Diversification(redirected from diverse)
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one of the forms of capital concentration.
In diversifying their production, firms penetrate into sectors and fields that are new for them; they enlarge their range of goods and gradually transform themselves into multisector complexes. Diversification is based on the attempt of capitalist firms to maintain their business under conditions of uneven economic development, with rapid growth of some sectors and decline or stagnation of others. The process of diversification has developed particularly since the mid-1950’s. Diversification has grown in industry, transport, construction, and the financial field in the USA, Western Europe, and Japan.
The nature of diversification is determined by the socioeconomic traits of the given country. Nevertheless, there are certain general factors (pertaining to all countries) that affect its development: the scientific-technological revolution, the struggle for high profits, the need to seek out new spheres for the application of profits, the militarization of the economy, the competitive struggle, and the fear of lagging behind in technical progress. As a result of diversification, firms and especially the monopolies have acquired a multisector character; they penetrate first of all into new, highly profitable fields with high growth rates, such as electronics and chemistry. It is advantageous for companies to take the path of combined production, that is, to produce various goods from one and the same basic raw material. This type of production lowers the expenses of the companies, especially those for research; also, research frequently leads to inventions that are remote from the firm’s specialization.
The flow of capital from less profitable sectors into more profitable ones takes place by means of diversification, thus bypassing the traditional capital market. The function of founding new enterprises is gradually shifting to firms which, by diversifying their production, attempt to insure themselves against possible failures and bankruptcies, although such attempts often fail. The process of diversification is speeded up by the merger of separate, formerly independent companies; in the USA the number of such mergers in 1968 was 2,268, more than eight times their average number for the period 1950-54. The majority of these mergers were of a conglomerate character. American concerns have entered the fields of services, construction, real estate, and publishing. They also participate in developing instructional systems, buying and selling information, and leasing out equipment. With an eye to receiving government contacts, they plan slum clearances, design cities, install air and water purifying systems in populated areas, and so on. Under the influence of diversification the structure of firms is changing: from specialized companies they are being transformed into multisector complexes. Thus, steel firms are producing other metals and materials in addition to steel, and the former manufacturers of tin cans are producing containers made of various materials. Some firms have set themselves the task of introducing new technology, engaging in research, and utilizing inventions.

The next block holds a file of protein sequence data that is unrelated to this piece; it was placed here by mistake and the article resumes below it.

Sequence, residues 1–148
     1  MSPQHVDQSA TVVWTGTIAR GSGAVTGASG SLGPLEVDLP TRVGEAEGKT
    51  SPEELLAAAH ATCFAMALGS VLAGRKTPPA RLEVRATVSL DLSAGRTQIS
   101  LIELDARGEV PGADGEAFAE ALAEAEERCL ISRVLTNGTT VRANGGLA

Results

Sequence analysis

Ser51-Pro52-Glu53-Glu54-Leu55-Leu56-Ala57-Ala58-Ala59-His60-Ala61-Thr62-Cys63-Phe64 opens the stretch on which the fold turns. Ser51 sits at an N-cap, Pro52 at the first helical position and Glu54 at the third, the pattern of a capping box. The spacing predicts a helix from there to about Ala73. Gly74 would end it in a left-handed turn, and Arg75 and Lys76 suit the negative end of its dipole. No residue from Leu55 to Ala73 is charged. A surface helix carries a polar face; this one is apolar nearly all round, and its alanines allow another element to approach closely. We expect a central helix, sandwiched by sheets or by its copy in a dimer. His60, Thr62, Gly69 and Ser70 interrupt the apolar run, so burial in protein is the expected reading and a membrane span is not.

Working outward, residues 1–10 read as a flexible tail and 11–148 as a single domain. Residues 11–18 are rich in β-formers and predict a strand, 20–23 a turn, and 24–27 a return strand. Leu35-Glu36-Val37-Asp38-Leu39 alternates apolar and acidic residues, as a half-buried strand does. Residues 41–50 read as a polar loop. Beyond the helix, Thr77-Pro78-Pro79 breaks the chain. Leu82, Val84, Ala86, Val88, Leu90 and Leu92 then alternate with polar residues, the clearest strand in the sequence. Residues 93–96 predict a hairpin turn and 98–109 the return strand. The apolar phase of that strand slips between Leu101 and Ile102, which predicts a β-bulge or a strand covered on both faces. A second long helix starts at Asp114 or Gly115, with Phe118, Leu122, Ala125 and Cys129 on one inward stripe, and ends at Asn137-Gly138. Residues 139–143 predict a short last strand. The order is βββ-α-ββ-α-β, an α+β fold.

As the result of the merger of a large number of companies in the USA, major firms have been formed: conglomerates consisting of enterprises that do not have any sort of functional ties among themselves. Their rise is connected with various types of speculations, shady transactions, and machinations, in which many banks and mutual funds have taken part. The crisis that developed in 1969 affected the conglomerates, compelling them to sell off a part of their assets.
N. I. MNOGOLET